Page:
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Value - Inner Experience

Module by: Mark Pettinelli. E-mail the author

  • The most rewarding object of study any man can find is his own inner life.

People care mostly about themselves, so therefore they are going to be mostly interested in studying their own feelings and experience of the world, their "inner life". This concept is more complicated than it may seem - it is the entire concept of being aware of yourself and consciousness. How much about your own life do you actually understand? How can someone get a greater appreciation and understanding of themselves and their own life?

Many different types of reflection could help someone gain a greater understanding of their inner life. They can reflect on what they have done recently, simply think more about what is going on their lives. I don't know what the difference would be between saying you are "studying" you own life or just "thinking" more about it, however. People naturally think about their own lives and analyze what is going on their life all the time.

People actually engage in two different types of self-analysis: self-reflection (enjoying analyzing the self) and self-rumination (not being able to shut off thoughts about the self). Self-awareness represents a higher form of consciousness which makes it possible for us humans to become the object of our own attention and to acknowledge our own existence. When self-aware we actively examine our personal characteristics, that is, our physical appearance, typical behaviors, emotions, motives, personality traits, values, attitudes, thoughts, sensations, etc.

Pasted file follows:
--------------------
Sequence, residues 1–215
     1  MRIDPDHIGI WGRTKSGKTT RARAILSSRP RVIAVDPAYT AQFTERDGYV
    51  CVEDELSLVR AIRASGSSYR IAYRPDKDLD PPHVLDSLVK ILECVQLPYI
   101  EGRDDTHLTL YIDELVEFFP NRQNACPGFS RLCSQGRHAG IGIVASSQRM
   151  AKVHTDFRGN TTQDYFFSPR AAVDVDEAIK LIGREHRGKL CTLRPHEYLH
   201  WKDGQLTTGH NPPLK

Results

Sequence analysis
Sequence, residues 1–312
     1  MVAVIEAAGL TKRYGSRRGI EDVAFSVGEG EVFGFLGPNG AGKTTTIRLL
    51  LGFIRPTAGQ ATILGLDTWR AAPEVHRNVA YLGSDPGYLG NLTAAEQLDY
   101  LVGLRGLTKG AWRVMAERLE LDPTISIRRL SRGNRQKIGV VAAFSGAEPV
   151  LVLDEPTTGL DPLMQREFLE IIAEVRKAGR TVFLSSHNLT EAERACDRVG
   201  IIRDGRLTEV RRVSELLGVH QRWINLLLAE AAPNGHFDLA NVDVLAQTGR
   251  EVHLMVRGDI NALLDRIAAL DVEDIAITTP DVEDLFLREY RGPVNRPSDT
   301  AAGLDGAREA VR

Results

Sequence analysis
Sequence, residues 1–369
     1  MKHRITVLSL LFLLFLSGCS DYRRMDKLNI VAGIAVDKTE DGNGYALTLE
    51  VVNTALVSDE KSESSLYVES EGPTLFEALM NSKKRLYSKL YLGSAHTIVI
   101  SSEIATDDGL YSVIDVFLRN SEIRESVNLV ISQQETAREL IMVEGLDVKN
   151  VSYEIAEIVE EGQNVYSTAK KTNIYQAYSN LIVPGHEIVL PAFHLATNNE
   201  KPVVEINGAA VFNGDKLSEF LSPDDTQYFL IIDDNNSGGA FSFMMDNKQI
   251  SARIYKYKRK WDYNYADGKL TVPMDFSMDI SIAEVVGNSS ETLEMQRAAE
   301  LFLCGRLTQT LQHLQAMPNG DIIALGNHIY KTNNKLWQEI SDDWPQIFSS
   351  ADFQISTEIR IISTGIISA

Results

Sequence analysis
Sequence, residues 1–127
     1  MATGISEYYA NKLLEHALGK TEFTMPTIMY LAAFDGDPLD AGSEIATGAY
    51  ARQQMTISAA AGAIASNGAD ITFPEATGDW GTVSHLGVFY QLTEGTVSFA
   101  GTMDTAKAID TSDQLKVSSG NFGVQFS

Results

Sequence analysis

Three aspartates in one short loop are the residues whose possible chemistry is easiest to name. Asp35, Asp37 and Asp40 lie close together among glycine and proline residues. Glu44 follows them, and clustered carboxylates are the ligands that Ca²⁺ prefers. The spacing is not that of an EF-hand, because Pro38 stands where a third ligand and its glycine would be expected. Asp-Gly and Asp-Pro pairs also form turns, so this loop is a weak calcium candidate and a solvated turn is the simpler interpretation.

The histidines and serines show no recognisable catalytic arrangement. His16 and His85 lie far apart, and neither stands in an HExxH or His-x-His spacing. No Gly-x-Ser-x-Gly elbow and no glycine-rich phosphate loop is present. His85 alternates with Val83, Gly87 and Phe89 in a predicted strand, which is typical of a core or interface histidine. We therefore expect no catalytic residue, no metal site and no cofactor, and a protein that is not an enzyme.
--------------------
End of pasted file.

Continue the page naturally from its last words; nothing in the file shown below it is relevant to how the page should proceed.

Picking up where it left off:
Differences in levels of self-focused attention deeply affect our behavior. For example, past studies suggest that if you are highly selfaware you will know yourself better than less self-aware people, engage more effectively in self-regulation (i.e., monitoring and modifying your behavior), feel emotions more intensely, behave more consistently with your attitudes, conform less to social pressure, self-disclose more in intimate relationships, and react more strongly to social rejection.

Maybe you personally know people who spend a lot of time analyzing themselves—they seem to constantly be “beating around the bush”, re-evaluating themselves, always questioning their behavior and appearance, being unsure of themselves, nervous, etc. This is self rumination: anxious attention paid to the self, where the person is afraid to fail and keeps wondering about his/her self-worth. Then maybe you have other acquaintances who are also highly self-aware, but instead of being anxious about themselves, they have wisdom they know themselves very well, are the “contemplating” type, feel secure, have depth, and are philosophical about their shortcomings. This is self-reflection: a genuine curiosity about the self, where the person is intrigued and interested in learning more about his/her emotions, values, thought processes, attitudes, etc. So we all analyze our inner thoughts and feelings (self-awareness), but some of us feel anxious about what we might discover about ourselves (self-rumination) while others feel intrigued and fascinated about ourselves (self-reflection).

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